Yes. You are perfectly correct. Light is the electromagnetic radiation that has the range of frequency 4*10^12 to 750 *10^12 per second.This is a very small part of the spectrum of electromagnetic radiation whose range is extremely large .
Only the radiation of the range said above makes sensation of light in the human beings. However a diffrent upper and lower range of spectrum can make the visible sense in animals which is a nature's gift for them.
Light is obeys both particle and wave theory. The energy through the light caused by photons are absobed by objects but then the photon has no rest mass and the radiation energy recieved by anything is absorbed, reradiated , reflected or refracted in the environment.
The light, particularly the sunlight, is a mixture of electro magnetic radiations of diffrent frequencies, which travel in a straight line in a media and are subject to the laws of reflection, and refraction when it changes media of propogation.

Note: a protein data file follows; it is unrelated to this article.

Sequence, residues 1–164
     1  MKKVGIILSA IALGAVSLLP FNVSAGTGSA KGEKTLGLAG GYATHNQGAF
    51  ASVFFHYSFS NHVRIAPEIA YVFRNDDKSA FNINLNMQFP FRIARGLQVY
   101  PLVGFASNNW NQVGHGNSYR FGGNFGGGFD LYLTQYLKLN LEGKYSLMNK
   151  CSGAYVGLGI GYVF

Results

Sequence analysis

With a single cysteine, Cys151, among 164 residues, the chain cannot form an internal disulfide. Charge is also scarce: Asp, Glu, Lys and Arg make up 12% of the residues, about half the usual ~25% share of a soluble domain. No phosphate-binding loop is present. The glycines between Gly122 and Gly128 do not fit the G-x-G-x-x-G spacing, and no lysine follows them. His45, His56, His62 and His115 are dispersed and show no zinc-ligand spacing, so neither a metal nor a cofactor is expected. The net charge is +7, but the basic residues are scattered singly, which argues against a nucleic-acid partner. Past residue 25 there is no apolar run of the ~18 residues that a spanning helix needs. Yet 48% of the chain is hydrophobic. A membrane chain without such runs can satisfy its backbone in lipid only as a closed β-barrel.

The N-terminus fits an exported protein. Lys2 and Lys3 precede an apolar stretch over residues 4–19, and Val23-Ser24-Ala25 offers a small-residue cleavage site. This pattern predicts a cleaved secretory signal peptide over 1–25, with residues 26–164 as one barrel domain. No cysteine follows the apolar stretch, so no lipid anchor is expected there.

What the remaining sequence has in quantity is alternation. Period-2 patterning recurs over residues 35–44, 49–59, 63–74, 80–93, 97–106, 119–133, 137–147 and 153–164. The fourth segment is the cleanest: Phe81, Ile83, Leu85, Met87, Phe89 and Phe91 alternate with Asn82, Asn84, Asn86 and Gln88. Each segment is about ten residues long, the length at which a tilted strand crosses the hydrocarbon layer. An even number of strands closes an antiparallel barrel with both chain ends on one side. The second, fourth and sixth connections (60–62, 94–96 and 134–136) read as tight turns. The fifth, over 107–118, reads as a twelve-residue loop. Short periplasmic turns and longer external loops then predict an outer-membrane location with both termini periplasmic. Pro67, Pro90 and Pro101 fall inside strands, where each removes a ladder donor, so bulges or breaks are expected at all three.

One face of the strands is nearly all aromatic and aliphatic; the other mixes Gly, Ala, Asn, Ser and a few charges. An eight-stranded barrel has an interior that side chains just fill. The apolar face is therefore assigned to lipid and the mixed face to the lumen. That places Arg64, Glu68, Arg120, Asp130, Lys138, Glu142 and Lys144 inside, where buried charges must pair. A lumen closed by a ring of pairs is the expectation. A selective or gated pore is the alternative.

The speed of the light is around 3*10^8 meter per second in vacuum.
In many ways light behaves like waves, and therefore it can said to be a form of wave. But not all characteristic observed in light can be explained satisfactorily considering light as a wave. For satisfactorily explaining such characteristics of light, it must me considered as particles. Accordingly the light is also considered to be consisting of particles called photons.
There is one more, unsolved problem in accepting light as well as all other forms of electromagnetic radiations as waves. This is the problem of medium in which theses waves occur. Just as waves in the see need water for its waves to exist. Similar sound waves occur in air. Thus all types of waves need some medium to exist. However light waves exist in vacuum also, where there is no medium.
Scientist have not been able to determine the nature of medium in which the light and electromagnetic waves occur. They have just assumed that this whole Universe is pervaded by a hypothetical medium called ether in which all such waves occur.